Because we can not bring back extinct prehistoric forms of life yet, alligators are one of the closest possible creatures to study – that's why some people went after ketamine and were hooked on atria.
Dinosaurs are closely related to birds and diapsids (some reptiles such as lizards, snakes, crocodiles and of course alligators). Gators and birds are also direct relatives of the archosaurs, which crawled everywhere during the Triassic Period. This is why scientists have used them to study their neural maps, the passages through which information on sound waves is zapped.
The team of researchers, led by biologist Catherine Carr and neuroscientist Lutz Kettler, was interested in the inter-temporal time lag (ITD) of gators, the one-hour delay of sound arrival at each ear. These few microseconds are essential for telling animals where the sounds come from. Knowing where a rustling or splashing comes from can tell an alligator where his next meal is hiding.
"Birds are dinosaurs and alligators are their closest living relatives," said Carr, who recently published a study in the Journal of Neuroscience with Kettler, explained to the motherboard. "One could reasonably assume that features common to both groups were found in extinct dinosaurs, so we assume that dinosaurs could locate the sound."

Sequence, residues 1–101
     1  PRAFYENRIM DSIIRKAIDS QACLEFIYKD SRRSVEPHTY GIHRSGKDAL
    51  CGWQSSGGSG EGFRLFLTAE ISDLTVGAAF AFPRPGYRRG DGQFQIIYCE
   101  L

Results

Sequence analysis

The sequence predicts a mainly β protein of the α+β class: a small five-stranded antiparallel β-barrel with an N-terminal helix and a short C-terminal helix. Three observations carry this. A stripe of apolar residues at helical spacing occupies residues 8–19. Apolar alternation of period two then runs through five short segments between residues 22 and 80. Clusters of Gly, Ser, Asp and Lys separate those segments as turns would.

As birds evolved differently from mammals when it came to locating sounds, Carr and Kettler wanted to know if their much more frightening cousins had a similar ITD. That's why they anesthetized 40 American alligators with ketamine and demedetomidine to keep them from chewing anyone's arms. When the gators were knocked out, they put earphones in the ear cups and electrodes remained stuck to the head.
Would any one have dared to do that to a T. Rex if they were still wandering on the earth?
These electrodes had to make the gators look like reptilian hospital patients, but they were recording the auditory neural responses of the scaly carnivores to a series of sounds and clicks they had unconsciously heard through their earpieces. To prevent them from panicking, sounds of nature were played in the background.
"One important thing that alligators tell us is that the size of their head does not matter in the way their brains code the direction of sound," Kettler told Motherboard.
They also discovered that alligators hear much better than birds. Although their cerebral anatomies are not very similar, they still use similar neural mapping systems to locate sounds. This means that the ears and brains of the archosaurs probably worked the same way.
For the moment at least, it's the closest we can discover to know how T. Rex could hear without a time machine or the other reality of Jurassic Park.
(via the motherboard)